Homer the Homeowner. Connie the Contractor. Doktor Cross.
These are the characters attorney Ed Cross brought out during his keynote presentation at The Experience this past September in Las Vegas. Cross and his associate, Caroline Tucker, used a mix of humor and lecture to deliver a message to restoration contractors: communication and clarity will keep you out of court.
The session started with a skit portraying an encounter between a homeowner (Homer) and a contractor (Connie). Homer had suffered considerable damage to his home, but was mostly occupied with finding his pet snake. Connie was uninterested in the snake and much else Homer had to say. She only wanted his signature on a work authorization form.
When the bill for the work came, the final cost shocked Homer. He refused to pay and threatened to sue. The scene stopped there and Cross and Tucker proceeded to break down the many mistakes Connie made.
Connie had told Homer the project could cost six-figures. He took this to mean $100,000. Instead, the bill topped $300,000. Cross said people in need of a restoration contractor have already heard plenty of bad news. They don’t want to hear any more and listen poorly as a result. That’s how six figures becomes $100,000.
This means restoration contractors need to engage in active listening. Tucker said this means creating eye contact and presenting an open body stance. The contractor needs to hear out the client without interruption, providing verbal cues at the right times. They need to listen without judgment and avoid rushing the other person.
“Listen with the sole purpose of listening,” Tucker said.
Listening creates a connection between the contractor and the customer. It also helps contractors avoid some customers, those who create more expense than profit.
“Watch out for the red flags, because there will be plenty out there,” Cross said. “Don’t yield to the temptation to take every single job.”
That last line drew a loud round of applause from the audience.
Only Real if in Writing
After the initial meeting, it’s crucial to create a clear record of what was said. Tucker recommends recording a voice memo immediately after the conversation. Then put everything down in writing and send it to the client, asking for any clarification or corrections immediately.
“If it’s not in writing, it didn’t happen,” Cross said.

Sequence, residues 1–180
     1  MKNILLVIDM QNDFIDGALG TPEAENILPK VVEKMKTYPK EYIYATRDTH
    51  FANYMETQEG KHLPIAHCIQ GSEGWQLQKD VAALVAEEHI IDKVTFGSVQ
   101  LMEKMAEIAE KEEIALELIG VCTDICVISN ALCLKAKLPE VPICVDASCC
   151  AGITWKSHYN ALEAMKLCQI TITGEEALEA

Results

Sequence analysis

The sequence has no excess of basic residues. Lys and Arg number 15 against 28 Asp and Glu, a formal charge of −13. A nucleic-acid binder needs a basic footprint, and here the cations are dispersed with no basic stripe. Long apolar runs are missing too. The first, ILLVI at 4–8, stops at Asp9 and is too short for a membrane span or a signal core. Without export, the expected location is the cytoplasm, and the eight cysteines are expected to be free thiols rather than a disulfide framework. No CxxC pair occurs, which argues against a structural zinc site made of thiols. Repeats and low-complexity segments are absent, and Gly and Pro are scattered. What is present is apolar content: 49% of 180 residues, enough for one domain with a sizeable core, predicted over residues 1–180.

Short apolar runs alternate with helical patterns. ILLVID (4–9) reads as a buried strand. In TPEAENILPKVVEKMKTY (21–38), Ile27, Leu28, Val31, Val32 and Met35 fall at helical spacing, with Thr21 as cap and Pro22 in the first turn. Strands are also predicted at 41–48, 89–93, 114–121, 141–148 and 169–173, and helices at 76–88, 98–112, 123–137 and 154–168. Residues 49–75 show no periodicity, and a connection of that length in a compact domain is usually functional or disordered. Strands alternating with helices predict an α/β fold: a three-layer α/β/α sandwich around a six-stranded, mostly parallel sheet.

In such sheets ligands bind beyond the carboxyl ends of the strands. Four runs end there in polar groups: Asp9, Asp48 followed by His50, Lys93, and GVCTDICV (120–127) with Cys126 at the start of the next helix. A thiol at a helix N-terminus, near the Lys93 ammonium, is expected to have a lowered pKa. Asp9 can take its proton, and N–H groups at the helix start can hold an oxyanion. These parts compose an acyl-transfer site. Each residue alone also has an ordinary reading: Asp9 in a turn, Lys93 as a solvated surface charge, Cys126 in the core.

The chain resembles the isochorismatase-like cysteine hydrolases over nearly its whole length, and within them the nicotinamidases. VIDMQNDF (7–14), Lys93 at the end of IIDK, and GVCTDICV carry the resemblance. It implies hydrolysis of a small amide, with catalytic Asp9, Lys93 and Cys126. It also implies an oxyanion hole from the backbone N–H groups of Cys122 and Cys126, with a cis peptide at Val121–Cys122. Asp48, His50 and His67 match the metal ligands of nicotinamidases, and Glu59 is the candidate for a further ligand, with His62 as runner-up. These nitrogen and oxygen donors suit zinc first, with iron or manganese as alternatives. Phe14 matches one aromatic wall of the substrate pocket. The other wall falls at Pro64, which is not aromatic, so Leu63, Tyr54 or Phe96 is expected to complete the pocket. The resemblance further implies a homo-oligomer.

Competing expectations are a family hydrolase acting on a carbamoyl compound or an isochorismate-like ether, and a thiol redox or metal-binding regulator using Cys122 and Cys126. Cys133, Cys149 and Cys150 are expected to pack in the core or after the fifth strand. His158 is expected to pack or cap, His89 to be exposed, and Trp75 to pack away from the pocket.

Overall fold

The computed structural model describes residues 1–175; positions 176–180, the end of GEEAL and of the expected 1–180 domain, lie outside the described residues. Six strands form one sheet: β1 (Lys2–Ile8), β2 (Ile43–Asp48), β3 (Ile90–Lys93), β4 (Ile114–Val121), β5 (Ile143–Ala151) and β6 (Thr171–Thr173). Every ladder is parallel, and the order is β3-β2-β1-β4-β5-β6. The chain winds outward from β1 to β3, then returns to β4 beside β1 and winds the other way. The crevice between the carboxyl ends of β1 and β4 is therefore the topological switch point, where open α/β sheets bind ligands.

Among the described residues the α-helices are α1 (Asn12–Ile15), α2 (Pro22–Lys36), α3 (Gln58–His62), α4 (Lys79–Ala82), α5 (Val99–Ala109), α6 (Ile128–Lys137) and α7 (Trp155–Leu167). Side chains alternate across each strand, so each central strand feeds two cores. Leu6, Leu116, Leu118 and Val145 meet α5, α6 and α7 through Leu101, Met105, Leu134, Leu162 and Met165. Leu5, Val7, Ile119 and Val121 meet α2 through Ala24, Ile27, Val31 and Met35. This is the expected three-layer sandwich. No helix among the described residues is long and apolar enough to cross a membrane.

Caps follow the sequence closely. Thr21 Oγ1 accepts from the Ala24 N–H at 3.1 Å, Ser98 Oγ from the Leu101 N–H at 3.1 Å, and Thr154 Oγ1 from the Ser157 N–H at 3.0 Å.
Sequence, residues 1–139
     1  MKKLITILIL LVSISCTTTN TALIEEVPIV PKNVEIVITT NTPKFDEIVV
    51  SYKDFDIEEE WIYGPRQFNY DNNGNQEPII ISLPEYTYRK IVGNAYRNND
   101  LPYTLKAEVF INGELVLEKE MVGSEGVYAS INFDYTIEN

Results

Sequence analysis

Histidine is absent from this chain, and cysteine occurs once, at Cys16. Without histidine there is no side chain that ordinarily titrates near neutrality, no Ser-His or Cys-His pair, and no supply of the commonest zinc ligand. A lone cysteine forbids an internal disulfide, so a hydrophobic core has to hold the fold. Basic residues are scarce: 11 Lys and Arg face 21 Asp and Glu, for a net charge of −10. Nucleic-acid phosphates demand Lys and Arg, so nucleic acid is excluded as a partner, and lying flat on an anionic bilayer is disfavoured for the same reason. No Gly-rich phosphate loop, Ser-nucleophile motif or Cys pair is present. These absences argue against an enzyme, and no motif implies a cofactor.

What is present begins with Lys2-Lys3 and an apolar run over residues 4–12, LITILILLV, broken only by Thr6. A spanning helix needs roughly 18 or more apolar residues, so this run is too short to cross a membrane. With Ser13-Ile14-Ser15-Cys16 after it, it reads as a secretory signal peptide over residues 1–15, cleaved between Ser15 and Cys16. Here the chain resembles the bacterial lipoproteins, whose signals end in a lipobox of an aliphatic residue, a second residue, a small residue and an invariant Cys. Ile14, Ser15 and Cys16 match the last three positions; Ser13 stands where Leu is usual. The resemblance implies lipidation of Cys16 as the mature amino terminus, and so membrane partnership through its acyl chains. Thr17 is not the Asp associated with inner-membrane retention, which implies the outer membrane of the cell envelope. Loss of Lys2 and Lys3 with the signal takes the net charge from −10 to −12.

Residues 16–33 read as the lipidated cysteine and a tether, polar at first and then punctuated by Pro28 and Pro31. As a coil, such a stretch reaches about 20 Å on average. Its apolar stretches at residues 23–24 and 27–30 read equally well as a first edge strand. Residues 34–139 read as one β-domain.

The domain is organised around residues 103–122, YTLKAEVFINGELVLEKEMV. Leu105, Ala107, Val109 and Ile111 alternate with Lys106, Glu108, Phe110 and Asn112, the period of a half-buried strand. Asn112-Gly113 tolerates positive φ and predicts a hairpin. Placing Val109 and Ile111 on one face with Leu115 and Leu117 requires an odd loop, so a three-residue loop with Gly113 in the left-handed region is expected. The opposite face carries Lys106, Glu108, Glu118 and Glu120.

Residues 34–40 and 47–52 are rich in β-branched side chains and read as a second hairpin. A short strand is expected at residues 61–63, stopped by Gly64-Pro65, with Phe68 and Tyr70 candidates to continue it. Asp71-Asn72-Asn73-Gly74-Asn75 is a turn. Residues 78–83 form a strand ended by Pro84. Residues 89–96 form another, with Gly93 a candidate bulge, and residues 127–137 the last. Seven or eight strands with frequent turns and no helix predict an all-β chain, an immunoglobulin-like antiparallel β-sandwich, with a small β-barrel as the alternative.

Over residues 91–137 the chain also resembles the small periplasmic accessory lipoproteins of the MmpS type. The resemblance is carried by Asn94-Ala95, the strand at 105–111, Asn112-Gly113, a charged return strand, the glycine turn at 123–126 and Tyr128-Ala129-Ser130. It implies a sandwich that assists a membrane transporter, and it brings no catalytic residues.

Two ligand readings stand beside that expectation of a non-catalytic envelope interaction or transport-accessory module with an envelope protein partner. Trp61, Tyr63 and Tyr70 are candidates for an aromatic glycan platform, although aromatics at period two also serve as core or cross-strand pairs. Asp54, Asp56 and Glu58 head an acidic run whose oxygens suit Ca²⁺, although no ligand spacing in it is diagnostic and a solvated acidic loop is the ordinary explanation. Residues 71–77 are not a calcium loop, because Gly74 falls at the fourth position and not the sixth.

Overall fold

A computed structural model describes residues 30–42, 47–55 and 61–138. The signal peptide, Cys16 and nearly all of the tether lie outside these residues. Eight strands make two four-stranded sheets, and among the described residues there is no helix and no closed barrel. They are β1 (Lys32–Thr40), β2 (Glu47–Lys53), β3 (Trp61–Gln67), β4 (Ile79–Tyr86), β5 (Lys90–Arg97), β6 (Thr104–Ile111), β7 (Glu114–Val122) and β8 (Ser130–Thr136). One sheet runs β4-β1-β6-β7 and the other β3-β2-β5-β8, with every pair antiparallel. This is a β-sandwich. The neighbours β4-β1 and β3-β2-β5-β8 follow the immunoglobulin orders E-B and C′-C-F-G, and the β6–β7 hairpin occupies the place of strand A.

Photos are also important. They show the exact state of the situation. But pictures are meaningless without context. That’s why contractors need to carefully label each photo.
Contractors are often not the ones interacting with customers themselves. That’s why they need to know what conversations actually take place, Cross said.
“What we see so often is that people at the top of companies don’t know what their people are doing down in the trenches,” he said.
Staff need to clearly explain the price, scope and payment options for any project, he said. There are three elements that define a project: speed, quality and cost. Contractors and their staff need to determine which is most important to the customer.
They also need to empathize with the clients.
“Take a moment to acknowledge the human experience and suffering these people are going through,” he said.
This proves important on several levels. One is that the contractor wants to create an alliance with the homeowner, especially if issues arise with the insurance adjuster. The contractor needs to explain, Cross said, that while all three are working toward the same goal, they don’t all have the same priorities.
Communication continues its critical role when something goes wrong. Contractors need to respond to every question with a clear answer.
Contractors need to avoid a combative tone and anything that resembles bullying. Never start a sentence with “you.”
“If you would not say this to somebody face-to-face, don’t say it in an email,” Tucker said.Basic communication seems simple, yet is overlooked. It requires listening carefully to the other person and then making a clear response. It’s the key to avoiding most problems.
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